If you accept credit cards for payments made to your business, you should always keep these operations compliant with the Payment Card Industry Data Security Standard, or PCI DSS.
This will protect credit card holder data as well as Primary Account Numbers.
If you don’t follow the PCI DSS, you have a higher risk of incurring credit card theft and fraud as well as significant fines.
Problems involving a lack of PCI DSS compliance can also devastate the confidence potential and existing consumers have in your business, resulting in long-term reductions to revenue.
To help you make the best choices when you’re looking for a merchant service provider, we’ve made a list of the most common misconceptions about PCI compliance.
If Online Payments Aren’t Involved, PCI Compliance Isn’t Necessary
It’s actually not that simple. If any business takes credit card payments, it must be compliant with PCI DSS. This is the same whether payments are transferred through mail order or retail. Compliance is mandatory if you process, transmit or store any credit card data. Since retail transactions commonly include tracking and storage of non-PCI-compliant data, all practices should be analyzed for compliance.
PCI Compliance is Only the Responsibility of IT Staff
It’s true that IT departments handle most aspects of PCI compliance, but continual efforts on the part of all employees in terms of reporting and quarterly assessments is important for long-term success. In most cases, IT staff will not be the sole processors of of every payment. This means that for the majority of companies, transmission and storage of credit card information should be of major concern to every worker. To ensure that PCI compliance is successful, companies should create a list of procedures and policies regarding payment by credit card. Every employee should become familiar with this list. Your PCI-compliant vendor can assist you with obtaining or creating theses lists.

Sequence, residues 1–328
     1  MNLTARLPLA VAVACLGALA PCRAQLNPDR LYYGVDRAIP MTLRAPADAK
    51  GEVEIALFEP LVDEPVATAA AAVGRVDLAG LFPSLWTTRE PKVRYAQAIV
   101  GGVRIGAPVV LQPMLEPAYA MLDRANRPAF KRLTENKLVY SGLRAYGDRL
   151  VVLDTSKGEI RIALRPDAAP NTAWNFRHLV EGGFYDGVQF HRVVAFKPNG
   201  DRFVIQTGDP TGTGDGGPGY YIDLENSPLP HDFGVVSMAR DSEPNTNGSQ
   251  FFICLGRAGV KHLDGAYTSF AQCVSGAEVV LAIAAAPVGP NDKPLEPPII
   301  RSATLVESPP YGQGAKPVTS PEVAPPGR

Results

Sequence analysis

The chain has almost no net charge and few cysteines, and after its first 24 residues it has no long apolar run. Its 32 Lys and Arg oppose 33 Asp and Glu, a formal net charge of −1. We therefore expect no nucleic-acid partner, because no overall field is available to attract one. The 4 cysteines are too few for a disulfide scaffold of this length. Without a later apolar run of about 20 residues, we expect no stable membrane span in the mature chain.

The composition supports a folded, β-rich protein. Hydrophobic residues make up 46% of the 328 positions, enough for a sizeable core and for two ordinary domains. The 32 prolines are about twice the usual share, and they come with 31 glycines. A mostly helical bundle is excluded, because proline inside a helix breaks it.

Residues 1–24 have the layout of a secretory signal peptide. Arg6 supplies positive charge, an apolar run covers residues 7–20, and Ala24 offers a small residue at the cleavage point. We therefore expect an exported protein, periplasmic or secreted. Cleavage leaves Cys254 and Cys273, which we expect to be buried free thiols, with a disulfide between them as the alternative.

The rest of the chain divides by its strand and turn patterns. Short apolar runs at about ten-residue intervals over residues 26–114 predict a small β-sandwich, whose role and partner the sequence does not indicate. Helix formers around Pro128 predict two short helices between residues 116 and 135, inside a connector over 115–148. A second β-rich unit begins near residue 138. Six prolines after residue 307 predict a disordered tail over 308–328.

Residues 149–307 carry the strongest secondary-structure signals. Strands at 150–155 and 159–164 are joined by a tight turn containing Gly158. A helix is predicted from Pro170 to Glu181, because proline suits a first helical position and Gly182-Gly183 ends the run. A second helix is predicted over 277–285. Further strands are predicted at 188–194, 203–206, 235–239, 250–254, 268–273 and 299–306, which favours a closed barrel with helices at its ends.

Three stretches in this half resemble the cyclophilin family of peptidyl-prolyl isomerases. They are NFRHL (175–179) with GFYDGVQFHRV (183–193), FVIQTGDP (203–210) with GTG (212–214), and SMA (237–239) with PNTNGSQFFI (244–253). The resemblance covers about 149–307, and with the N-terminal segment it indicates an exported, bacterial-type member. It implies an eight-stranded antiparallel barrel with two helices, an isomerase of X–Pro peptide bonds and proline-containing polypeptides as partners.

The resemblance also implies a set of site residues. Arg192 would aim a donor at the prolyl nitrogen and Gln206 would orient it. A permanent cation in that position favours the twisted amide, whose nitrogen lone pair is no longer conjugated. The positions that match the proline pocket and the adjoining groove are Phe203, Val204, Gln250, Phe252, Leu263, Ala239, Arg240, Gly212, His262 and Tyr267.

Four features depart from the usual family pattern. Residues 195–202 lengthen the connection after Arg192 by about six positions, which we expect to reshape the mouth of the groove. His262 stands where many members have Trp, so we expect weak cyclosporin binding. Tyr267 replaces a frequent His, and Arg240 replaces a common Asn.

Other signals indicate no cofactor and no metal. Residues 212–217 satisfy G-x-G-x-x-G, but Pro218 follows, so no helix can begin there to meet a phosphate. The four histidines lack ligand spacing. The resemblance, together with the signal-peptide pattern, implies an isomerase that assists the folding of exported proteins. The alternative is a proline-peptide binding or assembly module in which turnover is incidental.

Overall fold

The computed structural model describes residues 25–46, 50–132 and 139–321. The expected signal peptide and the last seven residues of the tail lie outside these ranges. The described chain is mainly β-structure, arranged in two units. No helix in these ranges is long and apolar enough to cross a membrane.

Small Businesses Don’t Need to Worry About PCI Compliance
Smaller companies might be less likely to run into problems than larger ones, but this doesn’t guarantee anything. It’s true that fines are normally used only for companies that process more than a million transactions per year, but a breach of your business could mean you have to repay major chargebacks for the cards involved, and your ability to process credit cards could be suspended. At the same time, this situation might cause you to be moved to a higher compliance tier, increasing your operating costs in the process. Finally, provide your consumers confidence in your business and brand by being PCI compliant.
You Don’t Need to be PCI Compliant if you Don’t Store Credit Card Data
This is totally untrue. Although PCI DSS does apply to the processing and transmission of credit card data, it does matters whether the information is stored. As a result, any credit card data transmitted over faxes, cloud or other data transfer services, phone lines or networks must adhere to PCI compliance. The importance of protecting consumers means that there really is no way around these regulations. If you use merchant service providers to process credit cards, the responsibility is theirs. Still, it’s wise to check on the PCI compliance of any third-party processor you’re considering. This is vital because despite the transfer of risk, customers are sent to the servers used by the third party to pay.
PCI Compliance is Just a Set of Recommendations that Aren’t Mandatory
This is not true at all. In all businesses that process, transmit and store customer credit card data, PCI DSS compliance is required by law. The size of a business does not factor into this matter. The smallest companies, which might process fewer than 20 thousand transactions each year, are still required to be compliant even if they do not have to seek validation. On the Internet, criminals are getting smarter all the time. More advanced ways of stealing credit information are constantly being developed. To prevent this issue from causing bigger problems for consumers, PCI DSS compliance is required for all companies that handle credit card transactions. The simple fact is that no company can afford to go without PCI.